The Mathematics of Countering Tyranny seems like a particularly well done example. The authors compute that under very generous assumptions there are about door-knockers available to perform confiscation raids. Dividing that into the estimated number of semiautomatic rifles in the U.
Sigmund Freud's views on homosexuality Freud — was skeptical of the possibility of therapeutic conversion. Sigmund Freud was a physician and the founder of psychoanalysis. Freud stated that homosexuality could sometimes be removed through hypnotic suggestion,  and was influenced by Eugen Steinacha Viennese endocrinologist who transplanted testicles from straight men into gay men in attempts to change their sexual orientation,  stating that his research had "thrown a strong light on the organic determinants of homo-eroticism".
Her father wanted this condition changed. In Freud's view, the prognosis was unfavourable because of the circumstances under which she entered therapy, and because homosexuality was not an illness or neurotic conflict.
Freud wrote that changing homosexuality was difficult and possible only under unusually favourable conditions, observing that "in general to undertake to convert a fully developed homosexual into a heterosexual does not offer much more prospect of success than the reverse". Patients often wanted to become heterosexual for reasons Freud considered superficial, including fear of social disapproval, an insufficient motive for change.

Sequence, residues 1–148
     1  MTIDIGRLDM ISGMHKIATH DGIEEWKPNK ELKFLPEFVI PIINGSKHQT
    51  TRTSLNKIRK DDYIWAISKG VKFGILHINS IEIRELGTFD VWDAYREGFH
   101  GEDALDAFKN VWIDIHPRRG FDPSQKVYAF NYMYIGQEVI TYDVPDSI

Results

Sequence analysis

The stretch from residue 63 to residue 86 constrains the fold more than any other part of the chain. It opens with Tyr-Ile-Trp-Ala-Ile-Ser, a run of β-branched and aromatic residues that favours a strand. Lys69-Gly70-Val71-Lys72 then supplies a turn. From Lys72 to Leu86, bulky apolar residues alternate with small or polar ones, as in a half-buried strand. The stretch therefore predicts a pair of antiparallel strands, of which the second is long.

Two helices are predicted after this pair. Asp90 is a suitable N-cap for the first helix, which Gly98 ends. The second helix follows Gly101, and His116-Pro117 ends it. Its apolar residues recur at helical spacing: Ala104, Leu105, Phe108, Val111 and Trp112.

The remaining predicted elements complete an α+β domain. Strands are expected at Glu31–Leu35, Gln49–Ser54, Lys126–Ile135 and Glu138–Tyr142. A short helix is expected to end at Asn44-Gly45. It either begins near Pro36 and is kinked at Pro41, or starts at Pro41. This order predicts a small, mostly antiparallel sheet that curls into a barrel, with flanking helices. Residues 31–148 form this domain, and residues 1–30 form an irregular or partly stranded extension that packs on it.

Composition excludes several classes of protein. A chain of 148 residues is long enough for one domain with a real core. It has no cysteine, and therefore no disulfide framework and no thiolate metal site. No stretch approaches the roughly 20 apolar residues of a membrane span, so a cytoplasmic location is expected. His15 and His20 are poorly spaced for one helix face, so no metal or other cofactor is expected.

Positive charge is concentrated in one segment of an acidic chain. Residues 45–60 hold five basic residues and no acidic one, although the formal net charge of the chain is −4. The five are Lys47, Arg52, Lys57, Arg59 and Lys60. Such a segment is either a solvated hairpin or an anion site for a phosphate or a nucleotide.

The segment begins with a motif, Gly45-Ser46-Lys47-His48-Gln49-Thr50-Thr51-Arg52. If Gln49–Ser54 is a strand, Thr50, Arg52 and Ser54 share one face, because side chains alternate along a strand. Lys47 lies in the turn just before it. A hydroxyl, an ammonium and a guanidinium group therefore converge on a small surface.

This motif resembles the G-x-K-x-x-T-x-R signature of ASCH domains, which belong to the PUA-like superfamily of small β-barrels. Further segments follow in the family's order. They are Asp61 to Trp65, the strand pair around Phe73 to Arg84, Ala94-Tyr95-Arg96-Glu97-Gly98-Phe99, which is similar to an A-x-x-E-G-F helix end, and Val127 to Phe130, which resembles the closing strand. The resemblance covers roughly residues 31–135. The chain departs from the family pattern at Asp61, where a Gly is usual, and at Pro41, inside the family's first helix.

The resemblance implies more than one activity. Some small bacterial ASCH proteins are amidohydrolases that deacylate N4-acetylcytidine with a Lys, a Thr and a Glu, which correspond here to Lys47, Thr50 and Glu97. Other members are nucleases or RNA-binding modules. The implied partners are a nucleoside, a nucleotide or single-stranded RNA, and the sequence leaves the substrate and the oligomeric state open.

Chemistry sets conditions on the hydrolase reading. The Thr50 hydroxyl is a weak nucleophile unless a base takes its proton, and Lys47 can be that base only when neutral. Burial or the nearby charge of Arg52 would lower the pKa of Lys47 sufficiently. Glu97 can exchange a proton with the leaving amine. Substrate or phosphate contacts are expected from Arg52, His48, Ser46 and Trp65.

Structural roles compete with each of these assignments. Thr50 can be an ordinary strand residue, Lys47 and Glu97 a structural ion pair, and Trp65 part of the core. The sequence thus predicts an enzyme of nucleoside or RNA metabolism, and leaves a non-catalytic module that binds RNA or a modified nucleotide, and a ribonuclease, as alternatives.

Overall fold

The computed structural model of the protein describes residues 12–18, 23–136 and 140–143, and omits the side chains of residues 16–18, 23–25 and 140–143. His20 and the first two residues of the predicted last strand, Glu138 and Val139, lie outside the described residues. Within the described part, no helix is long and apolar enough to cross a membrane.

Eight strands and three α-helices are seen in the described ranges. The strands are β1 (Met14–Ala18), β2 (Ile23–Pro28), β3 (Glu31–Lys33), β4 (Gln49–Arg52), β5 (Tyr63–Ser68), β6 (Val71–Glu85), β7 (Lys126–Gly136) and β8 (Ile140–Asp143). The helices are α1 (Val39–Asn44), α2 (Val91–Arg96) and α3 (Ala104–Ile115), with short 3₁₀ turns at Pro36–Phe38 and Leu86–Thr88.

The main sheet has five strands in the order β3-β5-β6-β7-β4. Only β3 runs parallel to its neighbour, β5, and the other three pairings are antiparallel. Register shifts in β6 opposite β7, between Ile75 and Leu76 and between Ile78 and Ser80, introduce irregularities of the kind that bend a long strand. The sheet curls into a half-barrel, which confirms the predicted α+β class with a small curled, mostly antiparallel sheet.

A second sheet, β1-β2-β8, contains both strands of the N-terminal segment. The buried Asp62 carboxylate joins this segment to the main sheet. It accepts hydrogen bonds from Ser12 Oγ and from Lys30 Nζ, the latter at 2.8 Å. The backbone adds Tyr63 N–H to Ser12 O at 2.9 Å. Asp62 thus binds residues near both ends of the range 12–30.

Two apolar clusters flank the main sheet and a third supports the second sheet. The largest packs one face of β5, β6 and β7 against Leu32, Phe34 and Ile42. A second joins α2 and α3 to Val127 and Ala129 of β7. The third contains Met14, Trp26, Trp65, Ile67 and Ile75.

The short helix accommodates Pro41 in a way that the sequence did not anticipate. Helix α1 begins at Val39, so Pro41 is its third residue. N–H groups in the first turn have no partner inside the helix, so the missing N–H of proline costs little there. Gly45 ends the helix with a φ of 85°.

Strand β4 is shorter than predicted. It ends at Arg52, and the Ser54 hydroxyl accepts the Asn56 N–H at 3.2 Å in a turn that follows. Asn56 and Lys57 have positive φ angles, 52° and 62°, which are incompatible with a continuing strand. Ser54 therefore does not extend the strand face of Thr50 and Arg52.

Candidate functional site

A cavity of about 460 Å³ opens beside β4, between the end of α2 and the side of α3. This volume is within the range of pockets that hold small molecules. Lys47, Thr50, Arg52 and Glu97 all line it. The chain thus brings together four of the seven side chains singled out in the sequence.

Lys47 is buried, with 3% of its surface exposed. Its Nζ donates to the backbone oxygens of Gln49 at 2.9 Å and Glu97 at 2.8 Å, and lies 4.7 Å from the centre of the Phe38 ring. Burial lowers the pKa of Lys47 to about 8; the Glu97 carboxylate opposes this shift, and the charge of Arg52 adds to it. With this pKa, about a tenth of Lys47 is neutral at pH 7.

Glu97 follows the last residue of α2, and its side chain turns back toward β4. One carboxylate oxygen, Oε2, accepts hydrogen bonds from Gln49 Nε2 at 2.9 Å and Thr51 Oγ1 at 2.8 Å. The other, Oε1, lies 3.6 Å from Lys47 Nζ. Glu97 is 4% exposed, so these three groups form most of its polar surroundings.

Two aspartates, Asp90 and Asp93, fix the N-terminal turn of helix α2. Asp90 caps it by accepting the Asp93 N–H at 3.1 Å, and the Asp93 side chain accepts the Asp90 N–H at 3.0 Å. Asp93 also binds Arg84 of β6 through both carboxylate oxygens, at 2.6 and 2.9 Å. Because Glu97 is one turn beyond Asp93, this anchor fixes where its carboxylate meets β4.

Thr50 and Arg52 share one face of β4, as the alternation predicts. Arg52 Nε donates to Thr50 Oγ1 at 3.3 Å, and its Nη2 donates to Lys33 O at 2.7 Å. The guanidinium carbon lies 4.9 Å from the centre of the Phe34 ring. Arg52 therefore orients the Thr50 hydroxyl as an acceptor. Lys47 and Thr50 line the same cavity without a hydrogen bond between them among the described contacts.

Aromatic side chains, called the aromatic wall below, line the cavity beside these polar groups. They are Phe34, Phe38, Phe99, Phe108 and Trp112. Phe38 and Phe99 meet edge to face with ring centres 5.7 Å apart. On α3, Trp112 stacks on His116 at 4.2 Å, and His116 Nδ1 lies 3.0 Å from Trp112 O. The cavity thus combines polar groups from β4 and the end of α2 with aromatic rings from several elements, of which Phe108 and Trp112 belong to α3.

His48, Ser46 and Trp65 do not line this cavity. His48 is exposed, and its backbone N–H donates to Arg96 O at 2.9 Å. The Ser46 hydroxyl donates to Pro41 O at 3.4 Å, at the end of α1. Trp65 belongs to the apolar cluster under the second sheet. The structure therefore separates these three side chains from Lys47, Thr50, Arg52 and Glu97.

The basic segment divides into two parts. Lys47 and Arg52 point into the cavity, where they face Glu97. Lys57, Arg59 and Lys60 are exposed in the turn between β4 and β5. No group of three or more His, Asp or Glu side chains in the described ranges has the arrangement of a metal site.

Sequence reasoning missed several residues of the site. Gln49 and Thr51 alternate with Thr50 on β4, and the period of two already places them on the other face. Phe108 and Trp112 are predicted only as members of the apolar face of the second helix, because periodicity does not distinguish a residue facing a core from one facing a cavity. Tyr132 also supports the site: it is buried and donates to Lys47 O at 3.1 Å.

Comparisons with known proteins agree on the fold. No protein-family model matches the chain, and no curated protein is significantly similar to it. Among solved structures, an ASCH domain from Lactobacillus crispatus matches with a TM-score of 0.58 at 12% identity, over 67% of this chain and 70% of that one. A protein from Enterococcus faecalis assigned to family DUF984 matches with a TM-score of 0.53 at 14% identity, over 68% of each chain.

Some might have no real desire to become heterosexual, seeking treatment only to convince themselves that they had done everything possible to change, leaving them free to return to homosexuality after the failure they expected.
Freud replied in a letter that later became famous: By asking me if I can help [your son], you mean, I suppose, if I can abolish homosexuality and make normal heterosexuality take its place. The answer is, in a general way we cannot promise to achieve it. In a certain number of cases we succeed in developing the blighted germs of heterosexual tendencies, which are present in every homosexual; in the majority of cases it is no more possible.
It is a question of the quality and the age of the individual.
The result of treatment cannot be predicted. Ferenczi hoped to cure some kinds of homosexuality completely, but was content in practice with reducing what he considered gay men's hostility to women, along with the urgency of their homosexual desires, and with helping them to become attracted to and potent with women.
In his view, a gay man who was confused about his sexual identity and felt himself to be "a woman with the wish to be loved by a man" was not a promising candidate for cure. Ferenczi believed that complete cures of homosexuality might become possible in the future when psychoanalytic technique had been improved.
In her view, it was important to pay attention to the interaction of passive and active homosexual fantasies and strivings, the original interplay of which prevented adequate identification with the father.
The patient should be told that his choice of a passive partner allows him to enjoy a passive or receptive mode, while his choice of an active partner allows him to recapture his lost masculinity. She claimed that these interpretations would reactivate repressed castration anxietiesand childhood narcissistic grandiosity and its complementary fear of dissolving into nothing during heterosexual intercourse would come with the renewal of heterosexual potency.